The software industry as a whole saw the number of complex and high-risk vulnerabilities drop in 2012, according to Microsoft.
Redmond said in its latest quarterly threats report that over the past year, vulnerabilities which posed the highest threat to users were down, while low and moderate-risk vulnerability disclosures saw an increase.
According to Microsoft, some 30.9 percent of disclosures in the second half of the year were for high-risk vulnerabilities, down from 38.0 percent over the second half of 2011. Microsoft classifies high-risk vulnerabilities as flaws which can be exploited for remote code execution attacks.
The drop in high-risk vulnerability disclosures comes despite an overall increase in vulnerabilities. Microsoft reported that overall 20 percent more flaws were reported in late 2012 versus the second part of 2011.
Low-risk vulnerabilities were up on the year, increasing 19 percent over 2011. Microsoft noted however that low-risk flaws remain a small piece of the overall picture, accounting for just 11 percent of all disclosures.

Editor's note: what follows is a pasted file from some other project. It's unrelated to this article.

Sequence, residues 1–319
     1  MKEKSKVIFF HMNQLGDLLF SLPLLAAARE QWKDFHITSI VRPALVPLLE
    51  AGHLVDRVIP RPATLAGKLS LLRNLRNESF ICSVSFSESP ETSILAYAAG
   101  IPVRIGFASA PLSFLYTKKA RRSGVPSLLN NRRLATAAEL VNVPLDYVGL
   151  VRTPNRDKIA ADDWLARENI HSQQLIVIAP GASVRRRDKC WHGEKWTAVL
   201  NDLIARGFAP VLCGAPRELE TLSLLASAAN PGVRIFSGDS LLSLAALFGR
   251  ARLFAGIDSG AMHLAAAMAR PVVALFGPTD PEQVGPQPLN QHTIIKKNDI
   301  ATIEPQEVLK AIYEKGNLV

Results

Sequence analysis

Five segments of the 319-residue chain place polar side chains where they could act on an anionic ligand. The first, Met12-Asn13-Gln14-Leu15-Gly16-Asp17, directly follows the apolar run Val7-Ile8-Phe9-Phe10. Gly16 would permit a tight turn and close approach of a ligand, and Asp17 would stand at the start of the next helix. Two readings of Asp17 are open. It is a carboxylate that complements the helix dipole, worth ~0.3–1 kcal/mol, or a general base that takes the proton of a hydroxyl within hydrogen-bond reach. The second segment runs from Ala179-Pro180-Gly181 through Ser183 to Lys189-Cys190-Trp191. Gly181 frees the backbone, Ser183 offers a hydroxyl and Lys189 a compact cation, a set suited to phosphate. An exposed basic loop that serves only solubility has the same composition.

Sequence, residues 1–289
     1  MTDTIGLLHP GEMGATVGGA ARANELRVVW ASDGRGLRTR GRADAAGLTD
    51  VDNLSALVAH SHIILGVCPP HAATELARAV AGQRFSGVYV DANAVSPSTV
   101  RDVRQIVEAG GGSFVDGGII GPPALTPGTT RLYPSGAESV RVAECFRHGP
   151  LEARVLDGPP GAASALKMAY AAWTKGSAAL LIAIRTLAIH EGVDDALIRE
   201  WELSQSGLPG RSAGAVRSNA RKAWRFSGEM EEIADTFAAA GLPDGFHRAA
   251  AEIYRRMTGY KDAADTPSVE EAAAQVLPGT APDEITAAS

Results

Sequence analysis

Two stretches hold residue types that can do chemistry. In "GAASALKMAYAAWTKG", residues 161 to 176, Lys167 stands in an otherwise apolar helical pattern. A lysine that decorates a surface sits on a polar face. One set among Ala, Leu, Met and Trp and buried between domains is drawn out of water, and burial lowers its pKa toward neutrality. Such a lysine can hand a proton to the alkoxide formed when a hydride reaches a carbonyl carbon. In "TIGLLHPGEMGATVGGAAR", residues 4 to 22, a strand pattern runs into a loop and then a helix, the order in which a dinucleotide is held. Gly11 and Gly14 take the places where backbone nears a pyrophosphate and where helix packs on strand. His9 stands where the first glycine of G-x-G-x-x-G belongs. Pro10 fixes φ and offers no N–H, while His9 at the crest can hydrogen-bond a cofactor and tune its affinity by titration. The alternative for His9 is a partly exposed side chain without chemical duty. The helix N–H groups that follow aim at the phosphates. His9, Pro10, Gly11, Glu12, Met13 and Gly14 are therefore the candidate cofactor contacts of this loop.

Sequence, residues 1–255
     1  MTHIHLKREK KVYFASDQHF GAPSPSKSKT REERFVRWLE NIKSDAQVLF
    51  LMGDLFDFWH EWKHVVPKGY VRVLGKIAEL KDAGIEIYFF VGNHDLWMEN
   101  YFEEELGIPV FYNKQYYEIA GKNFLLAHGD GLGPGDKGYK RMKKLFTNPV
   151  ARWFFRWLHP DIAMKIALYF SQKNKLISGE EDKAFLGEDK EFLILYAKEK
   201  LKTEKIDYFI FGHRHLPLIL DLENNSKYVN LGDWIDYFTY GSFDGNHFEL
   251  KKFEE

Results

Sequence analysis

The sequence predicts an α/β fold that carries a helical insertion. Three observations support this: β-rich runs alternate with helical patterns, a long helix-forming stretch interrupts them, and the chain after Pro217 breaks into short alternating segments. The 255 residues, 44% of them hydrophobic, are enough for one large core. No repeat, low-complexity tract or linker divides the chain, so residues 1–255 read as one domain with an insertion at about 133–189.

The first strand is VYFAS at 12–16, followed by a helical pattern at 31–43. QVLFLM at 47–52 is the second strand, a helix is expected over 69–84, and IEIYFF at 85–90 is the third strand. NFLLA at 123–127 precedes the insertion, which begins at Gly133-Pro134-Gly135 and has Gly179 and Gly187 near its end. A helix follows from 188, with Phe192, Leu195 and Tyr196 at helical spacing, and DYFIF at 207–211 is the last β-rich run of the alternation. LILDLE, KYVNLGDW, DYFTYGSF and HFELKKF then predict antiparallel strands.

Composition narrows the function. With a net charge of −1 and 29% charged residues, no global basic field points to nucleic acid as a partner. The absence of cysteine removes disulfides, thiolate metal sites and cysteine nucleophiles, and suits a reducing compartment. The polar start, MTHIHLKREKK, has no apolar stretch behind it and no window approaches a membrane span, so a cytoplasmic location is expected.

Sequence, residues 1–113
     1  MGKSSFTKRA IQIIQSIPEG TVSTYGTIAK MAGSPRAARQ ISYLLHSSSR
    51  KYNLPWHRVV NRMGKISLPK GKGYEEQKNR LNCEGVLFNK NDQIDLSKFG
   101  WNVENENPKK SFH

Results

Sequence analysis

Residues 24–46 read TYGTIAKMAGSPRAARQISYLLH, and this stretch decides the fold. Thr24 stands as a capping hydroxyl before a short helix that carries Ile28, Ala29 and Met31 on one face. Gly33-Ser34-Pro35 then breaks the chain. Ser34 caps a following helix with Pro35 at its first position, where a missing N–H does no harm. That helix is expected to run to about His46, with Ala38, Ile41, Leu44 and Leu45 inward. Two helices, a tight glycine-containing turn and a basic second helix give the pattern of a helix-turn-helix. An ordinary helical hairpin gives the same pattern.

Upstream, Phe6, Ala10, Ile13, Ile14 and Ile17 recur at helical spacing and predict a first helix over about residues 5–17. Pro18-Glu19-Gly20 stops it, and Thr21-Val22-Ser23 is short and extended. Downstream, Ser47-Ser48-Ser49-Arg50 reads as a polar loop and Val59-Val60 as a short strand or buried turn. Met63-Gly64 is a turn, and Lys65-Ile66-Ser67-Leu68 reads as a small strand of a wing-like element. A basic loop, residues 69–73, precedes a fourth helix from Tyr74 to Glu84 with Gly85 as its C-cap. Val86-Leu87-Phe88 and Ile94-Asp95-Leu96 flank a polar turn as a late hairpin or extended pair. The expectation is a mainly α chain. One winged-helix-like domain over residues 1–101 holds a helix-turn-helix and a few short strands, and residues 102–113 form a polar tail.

Medium-risk flaws remain the most common type of reported flaw. The figures held steady with a 58 percent share over the second half of 2012.
The company said that overall malware writers seem to be moving away from attacks on the OS and application level. Microsoft reported that OS vulnerabilities were down on the year with and that, for the first time, browser flaws were the second most-common type of vulnerability, accounting for 16.4 percent of disclosures, compared to a 12.8 percent share for vulnerability disclosures.
Both types of flaw, however, were dwarfed in overall share by reports of security flaws in individual applications. Microsoft said that some 70.7 percent of the flaws it logged were for third-party applications and components.
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